Australian DJ/producer Adrian Nicholson aka Jug has only a few releases to his name, so it speaks volumes about his creative skills that he is already causing waves. Listening to the Slug EP however, it’s not hard to hear why he has made a name for himself in such a short space of time. “Hymn for Him” starts inauspiciously, its hollowed out, dubby drums promising at first a competent DJ tool – but that’s before Nicholson introduces a shimmering, deeply evocative chord sequence and sensuous strings. These elements provide the basis for a beautiful, soulful vocal that will melt the heart of even the hardest techno cynic.
By contrast, “Eeehh” offers a totally different approach: based on a bouncy acid bassline, it is more stripped back, but Nicholson ensures that it will not be consigned to the DJ tool bargain bin thanks to the inclusion of some cut up, quirky vocals and the prominent use of driving percussion. Finally, on the title track, Nicholson attempts to straddle his musical and dancefloor leanings. The beats are stripped back and the rhythm less direct as it alternates between straight 4/4s and more off-centre patterns, while the gradual introduction of atmospheric chords guarantee it and its author a high placing in the league of spine-tingling, ethereal techno.
Boutique London imprint Stuga Musik returns with this double dose of dancefloor moodiness from Brazilian producer Apoena. It’s a worthy follow up to Och’s epic “Stops Out” 12”, which was released to launch the fledgling Autoreply offshoot and drew plaudits from house music cognoscenti ala Âme and Gerd Janson. Hailing from Porto Alegre, capital of the Rio Grande Do Sul state in extreme south of Brazil, Apoena shows a knack for combining the deep sounds of house and techno with a Latin flair for rhythm and percussion.
“Nuvem” kicks things off with shuffling snares riding along tension filled chords. “Bosque Em Flor” comes as a digital exclusive and maintains the opening track’s Sunday BBQ vibe, with enough attention placed to the build ups and drops to maintain a rolling groove. But it’s the title track “Falando Serio” that takes the cake for us here, with warm chords and claps forming the backdrop to a killer drum pattern. It’s worth putting on repeat a few times to let it sink in: a hypnotising, subtle beast.
Review: Aaron Coultate
Stuga Musik, the new offshoot of London based label Autoreply, introduces the unknown artist Och with two tracks of atmospheric minimal techno that takes on more of a personal form than we are used to from the genre.
This release offers a response to the plethora of unimaginative, soulless and empty sounding minimal music that blew up out of all proportion in the mid 2000s. At a time when dance music is full of depth and feeling again, Och injects those sentiments into his minimal musings on this release. “Stops Out” provides the suspense, attitude, tension and overall musicality that minimal is often guilty of neglecting. The title track is engulfed in a wary tension created by deep bass and intense synth stabs. The atmosphere from the track rises up, seeping through the simple breaks and throbbing, deep techno. Cut up vocal edits that have an old school warehouse feel give the track even more personality but it is the affecting Hammond organ sample that really makes the centrepiece.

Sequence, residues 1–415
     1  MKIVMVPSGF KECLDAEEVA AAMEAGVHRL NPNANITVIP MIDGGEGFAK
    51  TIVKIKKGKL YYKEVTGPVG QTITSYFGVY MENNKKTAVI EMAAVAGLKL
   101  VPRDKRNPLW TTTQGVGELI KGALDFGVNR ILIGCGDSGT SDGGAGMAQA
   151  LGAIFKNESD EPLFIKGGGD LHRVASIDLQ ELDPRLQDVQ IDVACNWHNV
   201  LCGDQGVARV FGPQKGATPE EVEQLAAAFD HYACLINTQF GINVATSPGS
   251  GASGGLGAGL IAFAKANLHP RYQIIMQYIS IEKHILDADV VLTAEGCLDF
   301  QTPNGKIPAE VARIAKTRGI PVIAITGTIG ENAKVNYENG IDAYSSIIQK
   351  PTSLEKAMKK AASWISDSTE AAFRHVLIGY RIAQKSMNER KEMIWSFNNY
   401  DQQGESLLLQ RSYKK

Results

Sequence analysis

On the flip, “Stops In” falls into even deeper into atmospheric, almost sinister tensions. A skeletal afro-tech swing is set by shimmering hi-hats and low, murmuring sub bass that collides with chiming synths. As more of an orthodox techno beat picks up, the chilling pads stretch out over the track, giving it a totally enchanting and undiscovered feel. “Stops Out ” is a highly engaging, post-modern take on minimal music, or in other words, post-minimal minimal. By bringing more feeling to the disciplines of minimal Och is proving that there is still ingenuity in the genre. Top stuff.
Review: Tom Jones
London-based deep techno producer Confetti Bomb drops this three track EP on his own Autoreply imprint. The fledgling label has already released material from some heavy house/techno artillery – Baby Ford, Jerome Sydenham and Ed Davenport to name a few.
We’re not sure if title track “MDMemily” is more suited to a peak time floor or an after hours hide-out – which probably means it will do just fine at both. It’s dark and spooky, with a metallic thud that commands your attention. This is followed by “Fladdermus”, which some light internet sleuthing revealed is Swedish for ‘bat’. Coming in with a slightly more subdued beat than “MDMemily”, this fits snugly into the category marked ‘slow burner’. And just went you’ve been lulled into submission, in comes a cavernous, echoing drop.
“Panic in Room 2”, we are reliably informed, is written with the sound system of a certain London clubbing institution in mind. It’s deep, brooding, dark and clunky – in other words, exactly what one wants to hear at stupid o’clock in Farringdon.
Review: Aaron Coultate
Autoreply’s aptly named ‘After Hours’ edition sees Ben Rourke subtly create a sonic landscape in which every note matters, and reminds us that techno can indeed be a deeply emotional form of music.
This is the kind of EP you wish would magically start playing during the taxi ride home from Berghain or some other temple of techno; it’s music to soundtrack personal reflection; deeply introspective and atmospheric.
“Blue” features shuffling synths bouncing off delicate keys and deep scrapes that appear unannounced alongside ethereal vocal snippets.
Pier Bucci’s remix utilises the title track’s subtle instrumentation and takes it up a notch. It’s beautifully constructed and textured – just as we’ve come to expect from the Chilean producer – with the trademark hint of South American flavour.
The three-track EP is rounded off with Rourke’s “Squareb”, which is possibly even more introspective and thought-provoking than “Blue”.
Review: Aaron Coultate